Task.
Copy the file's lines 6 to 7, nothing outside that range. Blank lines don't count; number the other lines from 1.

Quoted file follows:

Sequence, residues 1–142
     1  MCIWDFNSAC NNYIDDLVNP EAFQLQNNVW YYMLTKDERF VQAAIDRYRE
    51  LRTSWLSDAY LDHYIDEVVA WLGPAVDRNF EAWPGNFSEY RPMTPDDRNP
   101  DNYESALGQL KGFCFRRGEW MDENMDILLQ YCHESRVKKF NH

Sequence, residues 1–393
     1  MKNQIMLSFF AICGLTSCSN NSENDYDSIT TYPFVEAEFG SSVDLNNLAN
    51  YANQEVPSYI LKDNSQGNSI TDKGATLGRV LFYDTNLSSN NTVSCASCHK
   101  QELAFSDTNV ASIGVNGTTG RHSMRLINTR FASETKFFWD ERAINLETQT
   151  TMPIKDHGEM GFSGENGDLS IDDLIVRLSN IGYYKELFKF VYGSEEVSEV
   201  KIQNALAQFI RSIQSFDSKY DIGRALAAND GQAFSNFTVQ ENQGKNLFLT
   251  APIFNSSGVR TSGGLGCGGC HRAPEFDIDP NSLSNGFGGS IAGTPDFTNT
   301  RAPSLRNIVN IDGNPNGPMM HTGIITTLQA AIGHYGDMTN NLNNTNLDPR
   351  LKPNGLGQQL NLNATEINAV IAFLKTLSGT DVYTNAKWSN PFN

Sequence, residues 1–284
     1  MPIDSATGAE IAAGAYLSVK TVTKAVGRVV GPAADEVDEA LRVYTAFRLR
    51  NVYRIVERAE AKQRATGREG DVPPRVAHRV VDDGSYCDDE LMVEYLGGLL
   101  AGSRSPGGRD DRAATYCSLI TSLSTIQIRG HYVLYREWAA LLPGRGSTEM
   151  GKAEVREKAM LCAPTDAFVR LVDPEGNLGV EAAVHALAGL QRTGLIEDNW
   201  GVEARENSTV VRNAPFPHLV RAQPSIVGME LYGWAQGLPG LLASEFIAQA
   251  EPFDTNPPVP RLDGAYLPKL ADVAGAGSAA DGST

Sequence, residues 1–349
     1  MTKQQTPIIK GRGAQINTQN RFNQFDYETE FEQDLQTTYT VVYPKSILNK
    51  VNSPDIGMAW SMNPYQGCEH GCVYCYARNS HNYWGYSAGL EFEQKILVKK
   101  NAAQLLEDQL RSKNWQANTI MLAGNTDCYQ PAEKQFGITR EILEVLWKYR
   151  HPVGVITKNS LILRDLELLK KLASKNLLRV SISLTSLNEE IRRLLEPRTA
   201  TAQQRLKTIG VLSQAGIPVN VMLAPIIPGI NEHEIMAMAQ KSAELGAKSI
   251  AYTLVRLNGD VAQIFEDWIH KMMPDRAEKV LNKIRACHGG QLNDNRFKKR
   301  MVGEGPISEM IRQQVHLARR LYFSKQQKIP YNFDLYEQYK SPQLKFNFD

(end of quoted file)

     1  MKNQIMLSFF AICGLTSCSN NSENDYDSIT TYPFVEAEFG SSVDLNNLAN
    51  YANQEVPSYI LKDNSQGNSI TDKGATLGRV LFYDTNLSSN NTVSCASCHK